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Well-being of Women in New Zealand: The Changing Landscape

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  • Jessica Dye

    ()
    (Department of Economics, Auckland University of Technology)

  • Stephanie Rossouw

    ()
    (Department of Economics, Auckland University of Technology)

  • Gail Pacheco

    ()
    (Department of Economics, Auckland University of Technology)

Abstract

As the first country to give women the right to vote in 1893, New Zealand (NZ) has often been viewed as a leader in the global movement towards gender equality. This paper aims to assess trends in overall well-being for NZ women, by pulling together a range of statistical indicators across five key facets of well-being: demographic and family changes, education, employment, health, and crime and violence. From our analysis two contrasting pictures emerge. The first is that NZ women are clearly making up ground in respect of their education, participation in the labour force (less so in terms of wage equality), and overall health outcomes (barring mental health issues, such as depression). In the second, however, NZ women are trailing behind their other developed nation counterparts when one considers crime and violence, both committed against and by them.

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File URL: http://www.aut.ac.nz/__data/assets/pdf_file/0019/304219/Economics-WP-2012-07.pdf
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Bibliographic Info

Paper provided by Auckland University of Technology, Department of Economics in its series Working Papers with number 2012-07.

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Length: 37 pages
Date of creation: Oct 2012
Date of revision:
Handle: RePEc:aut:wpaper:201207

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Keywords: Gender equality; women's well-being;

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  1. David Fergusson & Sheree J. Gibb, 2009. "Sources of the Gender Wage Gap in a New Zealand Birth Cohort," Australian Journal of Labour Economics (AJLE), Bankwest Curtin Economics Centre (BCEC), Curtin Business School, vol. 12(3), pages 281-298.
  2. Robert H. Haveman & Barbara L. Wolfe, 1984. "Schooling and Economic Well-Being: The Role of Nonmarket Effects," Journal of Human Resources, University of Wisconsin Press, vol. 19(3), pages 377-407.
  3. Dennis D. Kimko & Eric A. Hanushek, 2000. "Schooling, Labor-Force Quality, and the Growth of Nations," American Economic Review, American Economic Association, vol. 90(5), pages 1184-1208, December.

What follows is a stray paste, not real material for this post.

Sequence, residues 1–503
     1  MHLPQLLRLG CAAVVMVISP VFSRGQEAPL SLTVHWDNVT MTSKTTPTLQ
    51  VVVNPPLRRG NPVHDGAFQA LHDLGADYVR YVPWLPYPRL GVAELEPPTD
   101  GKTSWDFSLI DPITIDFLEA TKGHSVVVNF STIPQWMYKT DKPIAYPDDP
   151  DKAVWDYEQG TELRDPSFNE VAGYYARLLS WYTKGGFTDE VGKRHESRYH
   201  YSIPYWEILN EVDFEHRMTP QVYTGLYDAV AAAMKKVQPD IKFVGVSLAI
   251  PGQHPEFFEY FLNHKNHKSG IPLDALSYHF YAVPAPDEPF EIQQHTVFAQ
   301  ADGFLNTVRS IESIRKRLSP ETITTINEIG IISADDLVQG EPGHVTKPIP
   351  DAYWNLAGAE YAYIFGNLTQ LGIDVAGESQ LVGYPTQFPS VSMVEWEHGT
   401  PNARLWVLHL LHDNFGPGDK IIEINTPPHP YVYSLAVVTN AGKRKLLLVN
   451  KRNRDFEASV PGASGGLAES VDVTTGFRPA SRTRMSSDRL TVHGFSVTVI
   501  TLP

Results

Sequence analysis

4. M. Anne Hill & Elizabeth King, 1995. "Women's education and economic well-being," Feminist Economics, Taylor & Francis Journals, vol. 1(2), pages 21-46.
  5. Pacheco, Gail A. & Cruickshank, Amy A., 2007. "Minimum wage effects on educational enrollments in New Zealand," Economics of Education Review, Elsevier, vol. 26(5), pages 574-587, October.
  6. Scott Fargher & Stefan Kesting & Thomas Lange & Gail Pacheco, 2008. "Cultural heritage and job satisfaction in Eastern and Western Europe," International Journal of Manpower, Emerald Group Publishing, vol. 29(7), pages 630-650, November.
  7. John Gibson, 2000. "Sheepskin effects and the returns to education in New Zealand: Do they differ by ethnic groups?," New Zealand Economic Papers, Taylor & Francis Journals, vol. 34(2), pages 201-220.
  8. Gary S. Becker, 1981. "A Treatise on the Family," NBER Books, National Bureau of Economic Research, Inc, number beck81-1, May.
  9. Dean R. Hyslop & David C. Maré, 2005. "Understanding New Zealand's Changing Income Distribution, 1983-1998: A Semi-parametric Analysis," Economica, London School of Economics and Political Science, vol. 72(3), pages 469-495, 08.
  10. Barbara L. Wolfe & Robert H. Haveman, 2002. "Social and nonmarket benefits from education in an advanced economy," Conference Series ; [Proceedings], Federal Reserve Bank of Boston, vol. 47(Jun), pages 97-142.
  11. Kerry Papps, 2010. "Earnings inequality and gender in New Zealand, 1998-2008," New Zealand Economic Papers, Taylor & Francis Journals, vol. 44(3), pages 217-229.
  12. Gail Pacheco, 2011. "Estimating Employment Impacts with Binding Minimum Wage Constraints," The Economic Record, The Economic Society of Australia, vol. 87(279), pages 587-602, December.
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